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We wanted to stay fairly local and decided to try the Elviria across the road. We had never been before, despite the close proximity. I think it used to be something else previously a good few years ago (a greasy spoon?!)  and we did try to get a table once where there was a gang of us, but they didn’t have the room.

Well, let me tell you…it was such an unexpected surprise! It’s not the easiest place to guess when it comes to the type of food or service. It looks clean and neat inside with white tablecloths, but it could be anything! So ambiguous, so mysterious. We were shown to a nice quiet table in the corner and the waiter told us the specials which sounded really good…and fancy. I saw my Mam’s face and a glint in her eye when he mentioned seared tuna and thought, she’s gone, that’s it now…she’s fake listening to the rest of the specials. She’s having the tuna and that’s the end of it and won’t even LOOK at the menu. Mams are mad easy to read.

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We were given a cute little amuse bouche to begin (grains in yogurt I think…correct me if I’m wrong, brain) with the usual dinner accompaniments I love to see coming – warm crusty rolls with olive oil or butter (bonus when they bring the two) and it wasn’t just any old butter, folks. It was that fancy French butter that comes in the cute little delph pot. Delicious, great craic to look at, and makes you consider becoming a petty thief for a spell when you feel like you deserve the tiny dish for yourself, five finger discount, but then you snap out of it and realise you weren’t born for life in a cell. You’re too fabulous. You ain’t about that life.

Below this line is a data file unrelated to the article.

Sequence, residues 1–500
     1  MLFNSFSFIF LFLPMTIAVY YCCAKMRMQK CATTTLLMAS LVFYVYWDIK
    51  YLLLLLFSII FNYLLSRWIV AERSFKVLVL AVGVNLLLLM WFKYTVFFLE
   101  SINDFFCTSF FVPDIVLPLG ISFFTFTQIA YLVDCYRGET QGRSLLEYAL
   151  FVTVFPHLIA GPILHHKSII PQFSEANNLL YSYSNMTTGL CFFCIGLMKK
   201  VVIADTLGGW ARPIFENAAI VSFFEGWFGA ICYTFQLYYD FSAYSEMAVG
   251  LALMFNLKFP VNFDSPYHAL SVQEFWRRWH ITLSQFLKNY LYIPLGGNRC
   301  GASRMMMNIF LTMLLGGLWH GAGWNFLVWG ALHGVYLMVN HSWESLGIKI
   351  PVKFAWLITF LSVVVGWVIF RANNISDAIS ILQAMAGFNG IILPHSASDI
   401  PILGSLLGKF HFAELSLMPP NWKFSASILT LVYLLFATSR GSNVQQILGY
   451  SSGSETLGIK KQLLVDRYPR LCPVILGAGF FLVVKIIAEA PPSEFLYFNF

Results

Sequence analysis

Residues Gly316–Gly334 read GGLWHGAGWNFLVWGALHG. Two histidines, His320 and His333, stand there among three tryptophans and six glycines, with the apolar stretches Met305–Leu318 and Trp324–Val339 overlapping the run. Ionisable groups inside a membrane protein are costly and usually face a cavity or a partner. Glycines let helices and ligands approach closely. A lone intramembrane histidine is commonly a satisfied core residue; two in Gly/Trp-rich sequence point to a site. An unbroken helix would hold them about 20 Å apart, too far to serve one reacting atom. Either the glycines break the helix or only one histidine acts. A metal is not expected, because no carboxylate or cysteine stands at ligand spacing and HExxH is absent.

Anyway, back to the butter. Delicious, creamy…salted (so important, folks.) It’s no Kerrygold but it’s not to be sniffed at. ‘✮✮✮✮ “Would eat again” – Travelstylefood.com’